# Mean field models

A mean field model, or a mean field solution of a model, is an approximation to the actual solution of a model in statistical physics. The model is made exactly solvable by treating the effect of all other particles on a given one as a mean field (hence its name). It appear in different forms and different contexts, but all mean field models have this feature in common.

## Mean field solution of the Ising model

A well-known mean field solution of the Ising model, known as the Bragg-Williams approximation goes as follows. From the original Hamiltonian,

${\displaystyle U=-J\sum _{i}^{N}S_{i}\sum _{}S_{j},}$

suppose we may approximate

${\displaystyle \sum _{}S_{j}\approx n{\bar {s}},}$

where ${\displaystyle n}$ is the number of neighbors of site ${\displaystyle i}$ (e.g. 4 in a 2-D square lattice), and ${\displaystyle {\bar {s}}}$ is the (unknown) magnetization:

${\displaystyle {\bar {s}}={\frac {1}{N}}\sum _{i}S_{i}.}$

Therefore, the Hamiltonian turns to

${\displaystyle U=-Jn\sum _{i}^{N}S_{i}{\bar {s}},}$

as in the regular Langevin theory of magnetism (see Curie's_law): the spins are independent, but coupled to a constant field of strength

${\displaystyle H=Jn{\bar {s}}.}$

The magnetization of the Langevin theory is

${\displaystyle {\bar {s}}=\tanh(H/k_{B}T).}$

Therefore:

${\displaystyle {\bar {s}}=\tanh(Jn{\bar {s}}/k_{B}T).}$

This is a self-consistent expression for ${\displaystyle {\bar {s}}}$. There exists a critical temperature, defined by

${\displaystyle k_{B}T_{c}=Jn.}$

At temperatures higher than this value the only solution is ${\displaystyle {\bar {s}}=0}$. Below it, however, this solution becomes unstable (it corresponds to a maximum in energy), whereas two others are stable. Slightly below ${\displaystyle T_{c}}$,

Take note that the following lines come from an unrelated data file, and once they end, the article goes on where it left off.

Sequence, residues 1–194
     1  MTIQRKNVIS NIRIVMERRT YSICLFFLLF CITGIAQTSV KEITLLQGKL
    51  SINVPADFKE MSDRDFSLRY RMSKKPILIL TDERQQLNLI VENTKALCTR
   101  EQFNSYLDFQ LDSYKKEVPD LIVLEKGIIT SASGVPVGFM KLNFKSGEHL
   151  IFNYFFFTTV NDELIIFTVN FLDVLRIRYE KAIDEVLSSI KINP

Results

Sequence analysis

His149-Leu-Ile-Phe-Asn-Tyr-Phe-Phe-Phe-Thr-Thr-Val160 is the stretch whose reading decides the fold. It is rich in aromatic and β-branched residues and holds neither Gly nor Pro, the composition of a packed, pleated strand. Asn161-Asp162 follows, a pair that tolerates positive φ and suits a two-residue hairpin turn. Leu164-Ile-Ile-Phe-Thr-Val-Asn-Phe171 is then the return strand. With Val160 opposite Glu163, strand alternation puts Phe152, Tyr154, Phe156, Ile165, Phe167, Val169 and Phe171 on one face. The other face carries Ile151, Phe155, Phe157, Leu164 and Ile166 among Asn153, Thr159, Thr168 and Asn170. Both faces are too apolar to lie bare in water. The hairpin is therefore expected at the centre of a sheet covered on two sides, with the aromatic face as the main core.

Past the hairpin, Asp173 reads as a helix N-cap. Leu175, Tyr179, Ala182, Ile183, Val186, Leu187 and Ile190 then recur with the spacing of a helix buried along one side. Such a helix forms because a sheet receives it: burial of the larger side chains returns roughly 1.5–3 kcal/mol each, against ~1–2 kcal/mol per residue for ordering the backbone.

${\displaystyle {\bar {s}}=\pm {\sqrt {3\left(1-{\frac {T}{T_{c}}}\right)}}.}$

## General discussion

The solution obtained shares a number of features with any other mean field approximation:

• It largely ignores geometry, which may be important in some cases. In particular, it reduces the lattice details to just the number of neighbours.
• As a consequence, it may predict phase transitions where none are found: the 1-D ising model ${\displaystyle n=2}$ is known to lack any phase transition (at finite temperature)
• In general, the theory underestimates fluctuations
• It also leads to classical critical exponents, like the ${\displaystyle \left(1-{\frac {T}{T_{c}}}\right)^{1/2}}$ decay above. In 3-D, the magnetization follows a power law with a different exponent.
• Nevertheless, above a certain space dimension the critical exponents are correct. This dimension is 4 for the Ising model, as predicted by a self-consistency requirement due to E.M. Lipfshitz (similar ones are due to Peierls and L.D. Landau)